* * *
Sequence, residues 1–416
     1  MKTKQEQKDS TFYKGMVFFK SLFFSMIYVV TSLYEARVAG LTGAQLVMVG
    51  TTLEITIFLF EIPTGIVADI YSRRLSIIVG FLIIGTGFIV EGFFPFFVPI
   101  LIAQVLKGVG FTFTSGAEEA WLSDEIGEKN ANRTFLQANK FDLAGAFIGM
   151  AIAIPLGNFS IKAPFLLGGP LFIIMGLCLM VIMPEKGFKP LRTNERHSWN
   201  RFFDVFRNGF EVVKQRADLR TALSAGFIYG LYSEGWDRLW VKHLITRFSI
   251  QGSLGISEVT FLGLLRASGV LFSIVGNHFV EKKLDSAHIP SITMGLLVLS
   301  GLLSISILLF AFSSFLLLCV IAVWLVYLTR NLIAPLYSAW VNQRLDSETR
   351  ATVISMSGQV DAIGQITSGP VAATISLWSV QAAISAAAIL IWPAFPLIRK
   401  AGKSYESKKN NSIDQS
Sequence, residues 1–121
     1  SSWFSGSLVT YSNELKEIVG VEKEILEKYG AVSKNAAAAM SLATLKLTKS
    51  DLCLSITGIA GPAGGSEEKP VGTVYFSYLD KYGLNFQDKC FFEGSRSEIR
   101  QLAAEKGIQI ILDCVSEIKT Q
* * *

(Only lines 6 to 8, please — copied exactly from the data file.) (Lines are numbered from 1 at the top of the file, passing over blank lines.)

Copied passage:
   201  RFFDVFRNGF EVVKQRADLR TALSAGFIYG LYSEGWDRLW VKHLITRFSI
   251  QGSLGISEVT FLGLLRASGV LFSIVGNHFV EKKLDSAHIP SITMGLLVLS
   301  GLLSISILLF AFSSFLLLCV IAVWLVYLTR NLIAPLYSAW VNQRLDSETR